Configure the power up default settings and values

The last but not least important step in preparing the LabJack is to make sure we don't have to do this setup avery time we reboot the device. Click the Power-Up defaults in the left menu of Kipling.

You should see something like this:

Select Current Device Settings as Defaults source. Select your device from the device list. Configure the device snapshot by clicking the Configure Power-up Defaults button. Reebot the device

Connect the wires

The encoder has five different leads coming out of it, attach them to the LabJack's screw terminals FIO6 and FIO7, configured for quadrature in following this table:

LabJack terminal LabJack function Encoder Cable Colour Encoder function
FIO7 DIO07_EF B phase Green Data (B)
FIO6 DIO06_EF A phase White Data (A)
GND GND Black Ground
VS 5V Red +5V
N/A N/A Yellow Z-Index

In this setup we don’t use the Z-index feature. Z-index is a separate pulse that is high once per revolution and this van be used by the counter to detect if it slips due to high speed on the encodes. That feature can reduce the error if that would happen.

You should now be able to test the encoder and the counter. Open Kipling and the Register Matrix. Make the DIO6_EF_READ_A_F register active and see if the counter. If not, revisit the previous steps until it does.

Finally, plug in the LabJack module to your ethernet switch.

Configuration in Blocks

Start Blocks

You need a computer with a running blocks server and a web browser.

We have prepared a PIXILAB-blocks-root folder containing everything you need to run the examples. Download this ZIP file and unpack it If you don't know how to do this, read the instructions in the general setup section.

If you have done the general setup, copied the files and pointed to this application notes root block, follow the next steps to run this application on your computer.

  1. Start Blocks.
  2. Open the editor using the Admin button.
  3. Log in using the name admin and the password pixi.
  4. Open http://localhost:8080/spot/index.ftl in a second browser window. If not, you may have to reassign the Display spot.

Configure the Modbus module in Blocks

Now go to the editor and the Manage page, Select Modbus I/O Modules.

You should have a module already configures like this:

If you use a different IP setting from this guide, please edit the IP address settings for your module. Make sure the module is connected by looking at the indicator, it should now be green. As you can see from the I/O channel configuration we will be polling Modbus channel 3512, I have given the I/O channel a friendly name and we use the data type Analog 32-bit float.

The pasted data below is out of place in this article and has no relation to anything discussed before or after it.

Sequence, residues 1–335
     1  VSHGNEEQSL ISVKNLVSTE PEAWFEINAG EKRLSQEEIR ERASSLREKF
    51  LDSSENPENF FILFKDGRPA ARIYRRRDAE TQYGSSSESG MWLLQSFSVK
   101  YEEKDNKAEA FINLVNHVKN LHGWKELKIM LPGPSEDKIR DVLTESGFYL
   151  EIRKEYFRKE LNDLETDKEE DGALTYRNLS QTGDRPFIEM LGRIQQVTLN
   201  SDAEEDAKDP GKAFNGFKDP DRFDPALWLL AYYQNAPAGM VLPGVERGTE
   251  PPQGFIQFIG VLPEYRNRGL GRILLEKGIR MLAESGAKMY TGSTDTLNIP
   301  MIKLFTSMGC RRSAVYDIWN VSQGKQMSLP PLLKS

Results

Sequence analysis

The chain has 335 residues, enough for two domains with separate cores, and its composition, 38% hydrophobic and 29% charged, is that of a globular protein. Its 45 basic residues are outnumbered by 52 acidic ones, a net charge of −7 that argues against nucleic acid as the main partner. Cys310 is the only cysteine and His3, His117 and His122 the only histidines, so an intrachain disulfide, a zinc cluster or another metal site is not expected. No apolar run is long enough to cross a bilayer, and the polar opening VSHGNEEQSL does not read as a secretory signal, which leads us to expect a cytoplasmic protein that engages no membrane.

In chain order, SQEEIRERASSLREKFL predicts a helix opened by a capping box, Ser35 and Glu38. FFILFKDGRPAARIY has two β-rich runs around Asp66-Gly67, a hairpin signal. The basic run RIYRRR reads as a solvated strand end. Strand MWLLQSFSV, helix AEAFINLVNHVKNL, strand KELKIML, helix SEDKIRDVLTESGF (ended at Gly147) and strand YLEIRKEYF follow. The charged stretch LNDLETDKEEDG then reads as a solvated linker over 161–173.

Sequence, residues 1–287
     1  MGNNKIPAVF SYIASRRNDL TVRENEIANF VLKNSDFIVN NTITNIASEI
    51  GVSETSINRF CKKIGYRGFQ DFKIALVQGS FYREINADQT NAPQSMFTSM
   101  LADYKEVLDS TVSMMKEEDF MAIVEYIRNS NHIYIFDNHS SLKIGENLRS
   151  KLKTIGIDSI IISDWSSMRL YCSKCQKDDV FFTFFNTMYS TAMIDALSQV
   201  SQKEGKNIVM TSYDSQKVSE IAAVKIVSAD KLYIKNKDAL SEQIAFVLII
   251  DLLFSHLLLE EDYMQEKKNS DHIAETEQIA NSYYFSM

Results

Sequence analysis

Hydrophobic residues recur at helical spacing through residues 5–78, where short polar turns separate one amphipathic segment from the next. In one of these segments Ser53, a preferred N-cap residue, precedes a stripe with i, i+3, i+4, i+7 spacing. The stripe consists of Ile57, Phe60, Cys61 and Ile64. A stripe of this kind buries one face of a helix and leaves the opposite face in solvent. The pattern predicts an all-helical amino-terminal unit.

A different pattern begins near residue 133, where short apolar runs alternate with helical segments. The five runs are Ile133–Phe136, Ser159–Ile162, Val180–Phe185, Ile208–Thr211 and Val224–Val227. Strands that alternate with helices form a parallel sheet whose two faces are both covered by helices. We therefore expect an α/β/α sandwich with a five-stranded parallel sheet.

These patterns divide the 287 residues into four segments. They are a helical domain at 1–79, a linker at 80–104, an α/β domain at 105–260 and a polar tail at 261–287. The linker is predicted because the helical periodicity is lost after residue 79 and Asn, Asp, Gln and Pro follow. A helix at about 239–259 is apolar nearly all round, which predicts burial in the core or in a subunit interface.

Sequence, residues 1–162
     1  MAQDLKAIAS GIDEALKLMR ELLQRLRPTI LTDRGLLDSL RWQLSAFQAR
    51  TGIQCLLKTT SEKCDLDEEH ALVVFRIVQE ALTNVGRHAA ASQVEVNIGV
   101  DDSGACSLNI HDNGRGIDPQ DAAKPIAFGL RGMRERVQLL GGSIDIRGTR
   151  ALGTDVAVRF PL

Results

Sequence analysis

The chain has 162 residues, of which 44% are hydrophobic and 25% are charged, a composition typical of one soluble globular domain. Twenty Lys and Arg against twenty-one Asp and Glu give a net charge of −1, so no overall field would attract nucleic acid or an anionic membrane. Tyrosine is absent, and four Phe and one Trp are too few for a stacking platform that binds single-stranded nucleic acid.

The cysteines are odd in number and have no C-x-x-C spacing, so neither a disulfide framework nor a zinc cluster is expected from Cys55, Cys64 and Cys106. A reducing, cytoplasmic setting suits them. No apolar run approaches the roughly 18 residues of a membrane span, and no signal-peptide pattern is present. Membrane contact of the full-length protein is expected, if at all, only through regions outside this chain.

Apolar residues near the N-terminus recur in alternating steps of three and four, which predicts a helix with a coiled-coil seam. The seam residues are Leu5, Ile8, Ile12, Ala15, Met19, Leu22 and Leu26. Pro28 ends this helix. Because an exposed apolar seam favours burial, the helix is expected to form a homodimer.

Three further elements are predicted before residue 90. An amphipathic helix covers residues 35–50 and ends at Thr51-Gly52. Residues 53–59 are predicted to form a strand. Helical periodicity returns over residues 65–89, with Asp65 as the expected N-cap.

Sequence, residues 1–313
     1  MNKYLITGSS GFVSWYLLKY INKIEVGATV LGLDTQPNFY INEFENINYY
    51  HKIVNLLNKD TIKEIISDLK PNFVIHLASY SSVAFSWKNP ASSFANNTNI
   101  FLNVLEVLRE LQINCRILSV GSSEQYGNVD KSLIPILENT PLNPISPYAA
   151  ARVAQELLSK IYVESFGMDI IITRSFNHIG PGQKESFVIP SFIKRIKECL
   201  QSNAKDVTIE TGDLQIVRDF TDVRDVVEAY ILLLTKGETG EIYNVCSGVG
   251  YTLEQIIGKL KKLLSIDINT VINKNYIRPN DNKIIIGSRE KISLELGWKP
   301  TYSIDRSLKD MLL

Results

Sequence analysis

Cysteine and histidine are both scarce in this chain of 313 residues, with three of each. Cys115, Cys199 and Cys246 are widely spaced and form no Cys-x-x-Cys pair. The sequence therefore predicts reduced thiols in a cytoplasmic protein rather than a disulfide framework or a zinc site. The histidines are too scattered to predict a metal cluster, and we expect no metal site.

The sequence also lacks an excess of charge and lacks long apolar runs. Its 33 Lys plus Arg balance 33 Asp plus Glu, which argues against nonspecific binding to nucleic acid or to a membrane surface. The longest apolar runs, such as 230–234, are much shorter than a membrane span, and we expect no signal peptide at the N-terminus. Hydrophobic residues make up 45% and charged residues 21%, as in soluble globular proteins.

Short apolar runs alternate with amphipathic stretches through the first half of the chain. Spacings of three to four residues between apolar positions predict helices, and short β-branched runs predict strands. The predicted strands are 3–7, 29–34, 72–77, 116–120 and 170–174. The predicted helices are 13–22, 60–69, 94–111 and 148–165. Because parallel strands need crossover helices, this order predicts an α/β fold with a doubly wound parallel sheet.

As you can see this I/O channel uses the fast polling setting. This is a typical application where this should be used. Never use that setting unless needed as that may create a lot of excess network traffic and essentially is a waste of resource.

If you look up the DIO6_EF_READ_A_F (our counters register) in Kipling you should find that the address is 3512 it is read-only and the datatype is FLOAT32.

Run the sample

If you go back to the spot browser window you should now be able to use the wire-encoder to change the PositionCounter value and move an object downwards from top of the screen, like a curtain. If the number doesn't change, open Kipling and the RegisterMatrix. Make the DIO6_EF_READ_A_F active and see if the counter still works

The block explained

Type CTRL+1 or click the Blocks logo shortcut in the editor to get to the Display page. Edit the LinearPositionIndex block and examine the content.

The text block has a binding to IO/PositionCounter, {$1} show the value of the counter.

The MovingBlock is just a 1920x1080px composition with a red background and is positioned at top -1090px, that is just outside the visible area of the screen.

It has a Move behaviour applied to it, select the block and click the diamond shaped icon to see its behaviours.

We use a factor of 0.1 to move it a bit slower andf we added a very short minimum fade rate, just to smoothen the movements.

Examine the settings and try to manipulate the factor and minimum fade rate of the behaviour.

Play around

Feel free to play around and create other blocks with different behaviours. Bind the behaviours to the PositionCounter. Different behaviours may require different factors and offsets to behave as you want. You may also want to try to apply multiple behaviours and bind them all to the PositionCounter. Also try with some of your own more exiting content like images and videos in your block.